"It will be a hollow victory indeed if the system we end up with is so onerous and so difficult that air travel, while obviously more secure, becomes more trouble for the average person than it is worth," Carty said in a speech to the American Chamber of Commerce in Tokyo.
Carty, who was in Japan to meet with business officials, said the airlines and the U.S. government improved airport security swiftly after the Sept. 11 attacks. In hindsight, as with many hastily made decisions, some aspects need changing, he said.
He said screening passengers at the gate after doing so at the security checkpoint merely added to costs and customer hassles.
"With the amount of security that we have in the aviation system today, the likelihood of a terrorist choosing aviation as the venue for future attack is very low," Carty said. "When you compare security across various potential venues, the airline industry is enormously well secured."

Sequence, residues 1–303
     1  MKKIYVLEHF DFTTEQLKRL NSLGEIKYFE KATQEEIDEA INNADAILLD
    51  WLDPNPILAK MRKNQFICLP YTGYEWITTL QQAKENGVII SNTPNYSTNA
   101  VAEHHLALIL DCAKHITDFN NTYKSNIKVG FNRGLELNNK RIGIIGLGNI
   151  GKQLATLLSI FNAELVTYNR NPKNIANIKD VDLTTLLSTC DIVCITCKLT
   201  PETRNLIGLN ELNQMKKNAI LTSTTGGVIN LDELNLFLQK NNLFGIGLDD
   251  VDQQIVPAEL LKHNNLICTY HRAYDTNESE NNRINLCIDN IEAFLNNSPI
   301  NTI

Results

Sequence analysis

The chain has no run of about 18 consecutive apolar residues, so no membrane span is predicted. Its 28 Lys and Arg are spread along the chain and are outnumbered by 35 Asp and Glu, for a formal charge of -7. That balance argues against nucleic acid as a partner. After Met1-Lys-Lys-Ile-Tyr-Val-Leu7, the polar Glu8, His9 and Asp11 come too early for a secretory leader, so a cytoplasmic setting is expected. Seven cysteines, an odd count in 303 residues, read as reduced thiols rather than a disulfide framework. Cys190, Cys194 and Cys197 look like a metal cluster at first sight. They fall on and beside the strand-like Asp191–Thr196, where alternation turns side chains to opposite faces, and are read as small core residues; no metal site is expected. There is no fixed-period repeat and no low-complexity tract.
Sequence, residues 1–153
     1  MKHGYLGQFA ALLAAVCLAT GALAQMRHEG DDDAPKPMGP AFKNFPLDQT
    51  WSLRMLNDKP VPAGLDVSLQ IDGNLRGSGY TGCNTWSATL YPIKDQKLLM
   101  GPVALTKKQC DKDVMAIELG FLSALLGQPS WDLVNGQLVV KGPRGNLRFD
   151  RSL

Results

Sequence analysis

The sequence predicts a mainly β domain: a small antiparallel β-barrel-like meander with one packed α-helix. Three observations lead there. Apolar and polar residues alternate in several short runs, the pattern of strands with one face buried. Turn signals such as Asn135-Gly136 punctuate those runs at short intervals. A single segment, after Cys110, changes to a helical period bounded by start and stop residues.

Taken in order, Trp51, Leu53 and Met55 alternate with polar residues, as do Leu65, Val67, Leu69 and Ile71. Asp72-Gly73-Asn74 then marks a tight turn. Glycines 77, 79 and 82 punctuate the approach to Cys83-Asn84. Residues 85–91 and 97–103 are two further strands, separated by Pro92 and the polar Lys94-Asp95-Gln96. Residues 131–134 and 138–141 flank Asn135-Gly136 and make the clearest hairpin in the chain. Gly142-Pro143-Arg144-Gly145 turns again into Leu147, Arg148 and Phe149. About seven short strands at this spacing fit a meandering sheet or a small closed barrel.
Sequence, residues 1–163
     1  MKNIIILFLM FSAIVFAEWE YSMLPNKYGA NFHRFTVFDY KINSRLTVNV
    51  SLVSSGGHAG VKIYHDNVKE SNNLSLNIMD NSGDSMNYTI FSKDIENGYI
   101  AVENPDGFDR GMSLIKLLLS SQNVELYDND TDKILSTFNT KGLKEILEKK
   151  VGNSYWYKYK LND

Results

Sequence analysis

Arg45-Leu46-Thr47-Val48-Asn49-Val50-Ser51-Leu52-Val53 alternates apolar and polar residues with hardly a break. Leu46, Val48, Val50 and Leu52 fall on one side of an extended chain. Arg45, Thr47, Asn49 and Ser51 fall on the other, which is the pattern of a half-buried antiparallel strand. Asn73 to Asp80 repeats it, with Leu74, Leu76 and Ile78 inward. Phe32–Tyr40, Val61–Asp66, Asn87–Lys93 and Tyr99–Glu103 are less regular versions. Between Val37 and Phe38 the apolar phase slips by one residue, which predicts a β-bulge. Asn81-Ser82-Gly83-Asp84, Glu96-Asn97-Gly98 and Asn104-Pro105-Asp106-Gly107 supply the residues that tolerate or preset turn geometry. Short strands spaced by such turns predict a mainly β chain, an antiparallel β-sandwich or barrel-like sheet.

Carty said he was not opposed to pilots' having handguns in cockpits, but that priority should be given to other security measures such as screening passengers. Earlier this week, the U.S. government decided against allowing firearms in cockpits.
Carty didn't mention other specific measures he felt should be dropped.
American Airlines, the world's biggest airline, has been trying to come up with a new business strategy to combat the sharp decline in the airline industry after the attacks. American's parent company, AMR Corp., lost $575 million in the first three months of the year.
The partnership between American Airlines and Japan Airlines, established in 1995, was reaffirmed in a meeting with JAL President Isao Kaneko Thursday, Carty said.
By Yuri Kageyama